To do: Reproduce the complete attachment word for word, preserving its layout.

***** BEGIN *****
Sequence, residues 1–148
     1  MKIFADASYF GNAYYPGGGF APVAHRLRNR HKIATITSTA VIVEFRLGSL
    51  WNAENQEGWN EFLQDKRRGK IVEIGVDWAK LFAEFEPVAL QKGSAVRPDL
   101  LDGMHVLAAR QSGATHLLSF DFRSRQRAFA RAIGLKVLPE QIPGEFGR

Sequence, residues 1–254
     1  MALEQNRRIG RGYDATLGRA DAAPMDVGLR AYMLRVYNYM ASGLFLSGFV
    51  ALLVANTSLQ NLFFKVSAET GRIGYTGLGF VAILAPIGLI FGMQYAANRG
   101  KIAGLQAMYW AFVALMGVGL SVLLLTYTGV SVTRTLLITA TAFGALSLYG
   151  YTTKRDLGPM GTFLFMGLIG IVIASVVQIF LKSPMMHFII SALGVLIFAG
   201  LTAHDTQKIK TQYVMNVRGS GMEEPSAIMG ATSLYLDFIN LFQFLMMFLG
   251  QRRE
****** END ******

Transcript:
Sequence, residues 1–148
     1  MKIFADASYF GNAYYPGGGF APVAHRLRNR HKIATITSTA VIVEFRLGSL
    51  WNAENQEGWN EFLQDKRRGK IVEIGVDWAK LFAEFEPVAL QKGSAVRPDL
   101  LDGMHVLAAR QSGATHLLSF DFRSRQRAFA RAIGLKVLPE QIPGEFGR

Sequence, residues 1–254
     1  MALEQNRRIG RGYDATLGRA DAAPMDVGLR AYMLRVYNYM ASGLFLSGFV
    51  ALLVANTSLQ NLFFKVSAET GRIGYTGLGF VAILAPIGLI FGMQYAANRG
   101  KIAGLQAMYW AFVALMGVGL SVLLLTYTGV SVTRTLLITA TAFGALSLYG
   151  YTTKRDLGPM GTFLFMGLIG IVIASVVQIF LKSPMMHFII SALGVLIFAG
   201  LTAHDTQKIK TQYVMNVRGS GMEEPSAIMG ATSLYLDFIN LFQFLMMFLG
   251  QRRE